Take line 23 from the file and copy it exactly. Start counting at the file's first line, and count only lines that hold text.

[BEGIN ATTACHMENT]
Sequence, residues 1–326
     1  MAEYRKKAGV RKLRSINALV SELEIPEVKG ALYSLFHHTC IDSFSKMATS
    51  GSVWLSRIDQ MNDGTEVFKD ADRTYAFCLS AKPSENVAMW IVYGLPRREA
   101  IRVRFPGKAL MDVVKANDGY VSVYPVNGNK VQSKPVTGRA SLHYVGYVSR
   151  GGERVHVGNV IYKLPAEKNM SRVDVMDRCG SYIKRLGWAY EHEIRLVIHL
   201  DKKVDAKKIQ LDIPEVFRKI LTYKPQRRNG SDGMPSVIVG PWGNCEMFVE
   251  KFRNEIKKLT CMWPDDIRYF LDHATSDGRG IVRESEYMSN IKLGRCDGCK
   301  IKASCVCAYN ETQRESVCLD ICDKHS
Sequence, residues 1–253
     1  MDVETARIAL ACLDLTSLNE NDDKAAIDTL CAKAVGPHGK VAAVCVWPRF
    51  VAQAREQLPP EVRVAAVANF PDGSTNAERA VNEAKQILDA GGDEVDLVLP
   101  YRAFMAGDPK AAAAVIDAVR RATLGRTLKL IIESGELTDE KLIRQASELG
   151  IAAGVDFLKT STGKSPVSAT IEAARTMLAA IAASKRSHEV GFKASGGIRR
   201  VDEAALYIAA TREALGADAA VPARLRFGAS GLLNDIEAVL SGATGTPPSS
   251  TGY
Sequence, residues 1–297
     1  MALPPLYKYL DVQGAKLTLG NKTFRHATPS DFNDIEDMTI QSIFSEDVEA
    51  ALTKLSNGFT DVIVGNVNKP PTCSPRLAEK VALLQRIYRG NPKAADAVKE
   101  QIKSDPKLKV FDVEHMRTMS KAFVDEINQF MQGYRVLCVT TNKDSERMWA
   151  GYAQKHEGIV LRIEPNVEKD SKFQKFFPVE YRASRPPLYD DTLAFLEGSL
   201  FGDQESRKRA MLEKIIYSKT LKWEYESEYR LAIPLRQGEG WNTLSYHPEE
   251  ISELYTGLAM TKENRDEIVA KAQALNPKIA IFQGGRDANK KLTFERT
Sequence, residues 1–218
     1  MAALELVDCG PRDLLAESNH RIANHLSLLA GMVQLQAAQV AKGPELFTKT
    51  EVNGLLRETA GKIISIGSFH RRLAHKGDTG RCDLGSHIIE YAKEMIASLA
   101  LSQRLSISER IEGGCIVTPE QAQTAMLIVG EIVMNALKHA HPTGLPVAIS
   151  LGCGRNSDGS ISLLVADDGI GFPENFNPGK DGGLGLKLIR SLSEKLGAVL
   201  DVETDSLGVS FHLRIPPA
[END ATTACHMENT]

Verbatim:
Sequence, residues 1–218